Last night, I read the moving open letter from Nathan Brown, a member of the UC Davis faculty to  Chancellor Linda Katehi, calling for her resignation.  The chancellor called in cops to break up peaceful protesters, and the cops came wearing full riot gear and beat the defenseless protestors with batons.  A week later, students and faculty came together to protest this brutality, and again the chancellor called in those same cops.

A few images stick out in my mind from the videos I’ve been watching, and one of them even made me cry.  A professor holds out her wrists for a zip-tie arrest, and instead a cop grabs her by the hair and drags her to the ground.  After, a young woman hides in the bushes and every cop who passes her jabs her at least once with a baton, but several due it more than that.  When a young man tries to stop them, he is put in a headlock, and goes limp, but is then hit repeatedly with a baton.  While he is incapacitated.

One of the more disturbing clips is of a cop intentionally pepper spraying students who are sitting crouched on the ground, their arms linked and faces blocked.  He even does it with a flourish, presumably for the crowd of students watching.  They have no weapons, they aren’t even standing up or in any way in an offensive position.  They are just sitting there, and they take it.  The cops use this moment of physical pain to try to drag students apart by their clothing and limbs.  When they do separate them, the cops lean on them with what appears to be their full weight, knees in their back and yelling at them to get on their stomachs, even when they already are.  One cop even l;laughs and smiles as students are lead away. If a person has no weapons, is on their stomach and can’t use their arms or legs, what danger do they present?

Later in that same video, cops slowly back away from protestors.  They are in full-on riot gear, with their pellet guns drawn (which, as we all know, are horribly named and can in fact be deadly).  How can they possibly think that they are the ones in danger here?  They are wearing thousands of dollars in protective gear, armed with weapon, some of which they have already used (pepper spray and batons).  Their opponents are shouting, “You can go,” and, “We will give you your moment of peace, we will not follow you.”  Their opponents are armed only with their voices and their cell phones, cameras and ipads, trying to capture this for the world.

I dislike the way crowd control weapons have been named.  And yes, they are weapons.  The LRAD has been more aptly referred to as a sound cannon, for the way its frequencies are aimed at crowds they then debilitate.  A pellet gun sounds like a fun toy you could perhaps buy at a dollar store, not the object that killed a college student in Boston in 2004.  Pepper spray sounds innocuous and fun, and we see it as a joke so often in movies and television that it seems like a mild inconvenience and an entertaining story afterwards.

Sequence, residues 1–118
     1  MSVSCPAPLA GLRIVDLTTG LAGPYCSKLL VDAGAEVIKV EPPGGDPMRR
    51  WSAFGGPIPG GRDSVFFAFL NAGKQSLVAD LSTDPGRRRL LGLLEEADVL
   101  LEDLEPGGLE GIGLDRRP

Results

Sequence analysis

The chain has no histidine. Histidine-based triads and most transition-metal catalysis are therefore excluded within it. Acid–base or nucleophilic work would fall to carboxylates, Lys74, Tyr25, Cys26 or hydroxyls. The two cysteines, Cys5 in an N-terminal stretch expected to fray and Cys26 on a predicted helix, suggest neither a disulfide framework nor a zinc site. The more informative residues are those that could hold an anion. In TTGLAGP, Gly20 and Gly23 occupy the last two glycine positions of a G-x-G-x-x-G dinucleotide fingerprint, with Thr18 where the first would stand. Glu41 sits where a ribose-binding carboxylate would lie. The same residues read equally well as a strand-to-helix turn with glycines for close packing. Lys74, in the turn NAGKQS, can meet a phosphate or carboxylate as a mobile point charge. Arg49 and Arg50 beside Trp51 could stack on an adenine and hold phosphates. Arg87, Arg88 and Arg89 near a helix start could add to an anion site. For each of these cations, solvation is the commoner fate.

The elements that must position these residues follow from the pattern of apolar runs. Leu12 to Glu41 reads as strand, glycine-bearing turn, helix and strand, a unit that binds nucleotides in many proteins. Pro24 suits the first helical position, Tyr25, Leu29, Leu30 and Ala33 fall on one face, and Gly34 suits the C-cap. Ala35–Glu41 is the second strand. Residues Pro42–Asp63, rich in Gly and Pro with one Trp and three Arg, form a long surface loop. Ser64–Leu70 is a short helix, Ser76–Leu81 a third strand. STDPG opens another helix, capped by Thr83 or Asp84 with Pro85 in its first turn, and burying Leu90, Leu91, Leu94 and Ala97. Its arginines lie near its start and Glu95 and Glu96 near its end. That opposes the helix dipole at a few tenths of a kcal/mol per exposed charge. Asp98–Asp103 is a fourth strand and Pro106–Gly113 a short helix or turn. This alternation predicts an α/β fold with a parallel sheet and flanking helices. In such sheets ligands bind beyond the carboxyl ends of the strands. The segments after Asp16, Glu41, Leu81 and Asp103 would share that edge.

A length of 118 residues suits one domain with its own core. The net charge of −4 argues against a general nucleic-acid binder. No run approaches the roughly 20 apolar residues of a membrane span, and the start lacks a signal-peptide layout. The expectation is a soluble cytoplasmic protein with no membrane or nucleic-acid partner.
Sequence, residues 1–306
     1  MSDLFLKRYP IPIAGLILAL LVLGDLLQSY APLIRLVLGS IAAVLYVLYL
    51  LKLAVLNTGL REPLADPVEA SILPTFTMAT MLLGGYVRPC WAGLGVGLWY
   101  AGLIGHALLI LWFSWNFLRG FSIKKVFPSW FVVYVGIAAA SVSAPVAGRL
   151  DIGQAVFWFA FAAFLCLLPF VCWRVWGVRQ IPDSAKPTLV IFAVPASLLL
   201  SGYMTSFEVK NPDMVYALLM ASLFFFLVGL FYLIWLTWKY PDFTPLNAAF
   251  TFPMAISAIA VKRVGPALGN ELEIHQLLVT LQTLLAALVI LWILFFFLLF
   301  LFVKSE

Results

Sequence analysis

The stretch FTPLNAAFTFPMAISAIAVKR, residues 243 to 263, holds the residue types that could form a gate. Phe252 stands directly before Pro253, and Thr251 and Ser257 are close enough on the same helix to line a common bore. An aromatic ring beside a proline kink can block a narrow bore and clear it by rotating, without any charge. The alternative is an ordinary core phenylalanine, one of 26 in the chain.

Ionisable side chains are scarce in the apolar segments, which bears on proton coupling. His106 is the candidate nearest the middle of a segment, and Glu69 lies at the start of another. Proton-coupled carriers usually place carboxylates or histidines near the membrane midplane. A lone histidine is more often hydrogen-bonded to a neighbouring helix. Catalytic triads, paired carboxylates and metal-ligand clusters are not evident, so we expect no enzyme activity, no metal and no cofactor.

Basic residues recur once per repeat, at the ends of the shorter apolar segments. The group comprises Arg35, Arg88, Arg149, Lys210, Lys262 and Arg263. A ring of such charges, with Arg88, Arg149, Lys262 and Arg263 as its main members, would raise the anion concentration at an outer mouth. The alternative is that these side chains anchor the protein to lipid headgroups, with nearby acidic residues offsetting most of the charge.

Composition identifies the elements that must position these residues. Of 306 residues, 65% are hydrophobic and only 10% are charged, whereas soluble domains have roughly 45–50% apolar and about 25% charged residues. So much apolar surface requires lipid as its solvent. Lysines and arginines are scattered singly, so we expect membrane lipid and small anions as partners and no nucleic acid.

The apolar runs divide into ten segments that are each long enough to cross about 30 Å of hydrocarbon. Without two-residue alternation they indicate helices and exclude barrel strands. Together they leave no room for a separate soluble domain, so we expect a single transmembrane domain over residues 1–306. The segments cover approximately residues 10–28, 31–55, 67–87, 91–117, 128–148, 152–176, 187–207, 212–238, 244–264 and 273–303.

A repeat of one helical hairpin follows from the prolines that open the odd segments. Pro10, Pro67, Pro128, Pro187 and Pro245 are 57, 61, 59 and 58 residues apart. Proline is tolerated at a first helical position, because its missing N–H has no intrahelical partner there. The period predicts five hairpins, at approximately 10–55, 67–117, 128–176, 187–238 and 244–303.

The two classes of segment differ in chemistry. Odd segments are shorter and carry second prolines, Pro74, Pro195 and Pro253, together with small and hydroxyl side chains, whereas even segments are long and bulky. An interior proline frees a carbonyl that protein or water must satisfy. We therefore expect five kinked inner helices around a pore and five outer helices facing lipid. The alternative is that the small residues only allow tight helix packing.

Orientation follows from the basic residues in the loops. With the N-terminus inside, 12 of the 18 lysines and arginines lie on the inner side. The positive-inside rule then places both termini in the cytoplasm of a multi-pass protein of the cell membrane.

I don’t want to live in a country where we must fear the people who enforce our laws.  I want law enforcement professionals to live in fear of breaking the laws that define their roles and existence.  Aren’t we supposed to be better than countries like Egypt?  Isn’t that what we keep telling ourselves all through our economic crisis, and as we sing that we’re proud to be American, where at least we know we’re free?

In the final video, at least seven cops can be seen hitting students repeatedly with batons.  The students are unarmed and have their arms linked together.  The students are peacefully protesting on their own campus.  The Berkeley cops keep hitting them, and even after they stop, two in the corner of the video keep beating the same woman who was stuck in the bushes before.

I don’t care what the students were protesting.  I don’t care what they said to the cops.  I don’t even really care what their orders were, or what you think about politics in general or the Occupy movement.  Patriotism means being proud of your country, and making sure your country stays a place you can be proud of.  Our tax dollars pay for police brutality, while students, union members, academics and parents are subject to this kind of behavior we look down upon around the world.  I’m not proud right now, are you?

Protest

I knew that if there were any demonstrations while I was in Egypt, I was going.  Absolutely, 100%.  So when

Ever wonder how everyone has face paint on for the news?